WHEN Redcliffe RSL had to cancel its Anzac Day services this year, due to the COVID-19 pandemic, president Neville Cullen was devastated, but then he had an idea.
The Vietnam veteran thought the RSL could broadcast a Dawn Service on community radio station 99.7fm, featuring most of the elements that drew tens of thousands of people to the foreshore every year. But instead of taking in the service at Anzac Place, they could listen to the service on the radio in the safety of their own homes.
The radio station agreed and so it is set – a Dawn Service will be broadcast at 5.15am, featuring poetry from Rupert McCall, hymns by David Taylor, prayers from the Salvation Army, an address from Neville and hosted by vice-president Cheryl Barrett.
It will be prerecorded to ensure those taking part are not at risk of contracting COVID-19. Cheryl may be the only person in the studio,” Neville explains.
And the 5.15am start means it will be finished in time for people wanting to “standto” on their driveways at 6am for #lightupthedawn.
“It seems to have taken off very quickly,” he says. “I think, possibly, we’re one of the only RSLs doing this sort of thing.”
While the service will give veterans, families and the broader community an opportunity to pause and remember the sacrifices made by Diggers, it sadly won’t replace an important reunion that also takes place on Anzac Day.
Diggers won’t be able to see their mates, but Neville says they should still make an effort to connect by picking up the phone and ensuring no one feels alone. “I think it’s vitally important that we still keep an eye on our younger vets because they’re going through hell at the moment,” he says.
This year’s service was to focus on nurses and medics in times of war, so Moreton Life asked Neville to share his service as a medic during the Vietnam War.
He joined the Royal Australian Army Medical Corps in 1964, aged 17¾, after his grandmother gave her consent.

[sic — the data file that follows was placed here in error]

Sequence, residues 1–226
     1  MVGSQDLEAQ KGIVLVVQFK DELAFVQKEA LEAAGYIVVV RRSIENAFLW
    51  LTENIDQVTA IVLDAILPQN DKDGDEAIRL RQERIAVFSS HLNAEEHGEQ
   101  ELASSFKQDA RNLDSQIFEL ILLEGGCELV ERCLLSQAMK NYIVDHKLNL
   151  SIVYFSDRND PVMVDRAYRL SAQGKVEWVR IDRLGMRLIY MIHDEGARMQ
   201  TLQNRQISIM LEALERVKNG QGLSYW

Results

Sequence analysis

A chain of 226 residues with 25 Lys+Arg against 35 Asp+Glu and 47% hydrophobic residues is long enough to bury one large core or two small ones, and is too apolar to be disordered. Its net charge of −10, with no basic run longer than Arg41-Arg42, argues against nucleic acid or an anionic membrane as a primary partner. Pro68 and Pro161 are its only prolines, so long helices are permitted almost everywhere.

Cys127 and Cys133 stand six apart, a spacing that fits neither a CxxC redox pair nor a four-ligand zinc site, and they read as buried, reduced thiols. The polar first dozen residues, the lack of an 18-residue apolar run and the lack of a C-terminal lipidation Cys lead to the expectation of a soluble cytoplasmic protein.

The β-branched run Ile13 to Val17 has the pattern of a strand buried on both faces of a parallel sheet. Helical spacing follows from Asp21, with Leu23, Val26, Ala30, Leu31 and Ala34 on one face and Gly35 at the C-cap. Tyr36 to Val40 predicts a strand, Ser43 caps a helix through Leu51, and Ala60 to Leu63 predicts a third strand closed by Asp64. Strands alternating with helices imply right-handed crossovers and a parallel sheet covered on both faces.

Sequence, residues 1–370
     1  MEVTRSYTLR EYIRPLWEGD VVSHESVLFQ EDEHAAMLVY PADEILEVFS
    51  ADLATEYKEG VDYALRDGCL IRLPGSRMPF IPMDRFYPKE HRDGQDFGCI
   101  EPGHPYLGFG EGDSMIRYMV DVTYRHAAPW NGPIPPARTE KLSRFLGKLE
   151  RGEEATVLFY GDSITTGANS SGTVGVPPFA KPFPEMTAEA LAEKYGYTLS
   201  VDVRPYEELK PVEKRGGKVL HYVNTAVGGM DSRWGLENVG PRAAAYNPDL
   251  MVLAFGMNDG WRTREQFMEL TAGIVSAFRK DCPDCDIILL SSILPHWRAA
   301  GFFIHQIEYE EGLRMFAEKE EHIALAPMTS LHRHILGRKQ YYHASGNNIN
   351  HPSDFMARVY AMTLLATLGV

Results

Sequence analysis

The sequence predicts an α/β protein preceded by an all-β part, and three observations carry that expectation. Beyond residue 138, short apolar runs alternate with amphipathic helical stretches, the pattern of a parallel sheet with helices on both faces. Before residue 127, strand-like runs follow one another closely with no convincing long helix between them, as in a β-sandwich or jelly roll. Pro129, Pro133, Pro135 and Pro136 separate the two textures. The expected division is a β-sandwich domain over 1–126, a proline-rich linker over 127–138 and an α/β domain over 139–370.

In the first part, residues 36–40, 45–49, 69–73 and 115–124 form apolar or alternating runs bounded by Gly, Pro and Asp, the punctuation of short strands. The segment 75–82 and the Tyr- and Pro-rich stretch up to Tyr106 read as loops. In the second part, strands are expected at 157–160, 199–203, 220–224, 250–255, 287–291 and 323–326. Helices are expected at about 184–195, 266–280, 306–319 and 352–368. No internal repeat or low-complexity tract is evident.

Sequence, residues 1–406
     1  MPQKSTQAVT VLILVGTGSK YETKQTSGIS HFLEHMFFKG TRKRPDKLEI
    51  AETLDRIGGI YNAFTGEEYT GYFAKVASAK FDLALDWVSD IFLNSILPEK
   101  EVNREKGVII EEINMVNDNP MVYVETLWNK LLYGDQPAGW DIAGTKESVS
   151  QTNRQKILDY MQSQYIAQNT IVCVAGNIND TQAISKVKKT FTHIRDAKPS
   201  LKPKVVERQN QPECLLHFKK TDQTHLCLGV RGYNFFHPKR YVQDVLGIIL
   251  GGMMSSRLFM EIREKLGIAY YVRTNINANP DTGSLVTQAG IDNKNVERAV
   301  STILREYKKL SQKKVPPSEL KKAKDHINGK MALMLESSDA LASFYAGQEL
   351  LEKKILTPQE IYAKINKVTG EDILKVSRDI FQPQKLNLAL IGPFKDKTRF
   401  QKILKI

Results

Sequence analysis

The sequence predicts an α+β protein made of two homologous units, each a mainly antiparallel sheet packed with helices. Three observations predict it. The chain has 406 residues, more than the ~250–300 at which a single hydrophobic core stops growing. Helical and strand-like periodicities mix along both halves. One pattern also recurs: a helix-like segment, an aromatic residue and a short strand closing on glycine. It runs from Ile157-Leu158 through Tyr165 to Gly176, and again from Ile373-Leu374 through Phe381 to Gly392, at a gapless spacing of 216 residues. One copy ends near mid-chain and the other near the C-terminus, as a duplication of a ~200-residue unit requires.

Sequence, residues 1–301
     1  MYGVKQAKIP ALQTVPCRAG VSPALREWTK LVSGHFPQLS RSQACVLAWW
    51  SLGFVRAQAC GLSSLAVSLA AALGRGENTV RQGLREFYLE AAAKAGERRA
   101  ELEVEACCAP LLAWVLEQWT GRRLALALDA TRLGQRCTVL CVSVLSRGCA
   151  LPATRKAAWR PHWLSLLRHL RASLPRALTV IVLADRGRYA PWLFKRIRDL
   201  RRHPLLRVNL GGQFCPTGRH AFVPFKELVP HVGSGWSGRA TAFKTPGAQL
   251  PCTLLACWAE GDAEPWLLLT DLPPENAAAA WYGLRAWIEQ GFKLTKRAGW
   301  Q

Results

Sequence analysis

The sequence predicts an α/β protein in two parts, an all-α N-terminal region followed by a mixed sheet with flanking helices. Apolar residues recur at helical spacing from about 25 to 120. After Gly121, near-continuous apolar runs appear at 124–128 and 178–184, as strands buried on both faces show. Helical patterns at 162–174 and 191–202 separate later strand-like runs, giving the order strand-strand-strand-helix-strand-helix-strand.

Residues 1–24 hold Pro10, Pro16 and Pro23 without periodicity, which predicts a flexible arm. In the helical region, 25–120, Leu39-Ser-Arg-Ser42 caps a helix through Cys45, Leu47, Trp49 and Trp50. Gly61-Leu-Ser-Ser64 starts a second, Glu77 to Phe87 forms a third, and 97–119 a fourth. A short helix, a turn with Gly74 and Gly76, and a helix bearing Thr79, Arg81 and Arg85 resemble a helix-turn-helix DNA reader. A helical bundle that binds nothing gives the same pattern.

His grandfather Edward Denis Neven was a Light Horseman in WWI, his mother served in the women’s air force in WWII and his father was a trooper in Papua New Guinea during WWII.
He did two tours of Vietnam – the first from 1966-67 as a medic with the First Armoured Personnel Carriers Squadron (1APC) and then with 2 Field Ambulance, and the second from 1971-72 as a Sergeant with 8 Field Ambulance.
He was in charge of the dust-off medics. “These are the medics that go out in the helicopter and pick up the wounded from the field and bring them back. It was pretty dangerous because we used to have to go in where they were fighting and do ‘hot extractions’ while they were still under fire,” Neville explains.
“We virtually became the doctor and that’s what they called you, Doc,” Neville says.
His service in Vietnam had a lasting impact and shaped the man Neville has become.
“One thing I wanted to do was to become a registered nurse.” And so, when Neville returned home he became a hospital orderly, studying for the nursing entrance exam at night school. He became a charge nurse at the Royal Children’s Hospital in Sydney and quickly rose through the ranks.
Before his retirement in 1987, he was a principal policy officer with Queensland Health.
He visited Redcliffe for the first time when he was on leave from exercise with the Army. He remembers travelling on the old Hornibrook Bridge and thinking how beautiful the Peninsula was.
When he was working at Ipswich he and a friend opened a restaurant at Margate and Neville moved to the Peninsula in 1982. He joined the Redcliffe RSL soon after.
It was his first contact with the RSL and he’s now Redcliffe’s longest-serving president, clocking up more than 14 years in the role.
“At that time, it was after the big march in Canberra for the Vietnam Veterans, I could see the RSL was changing because we weren’t welcomed by the RSL when we first got back,” he explains.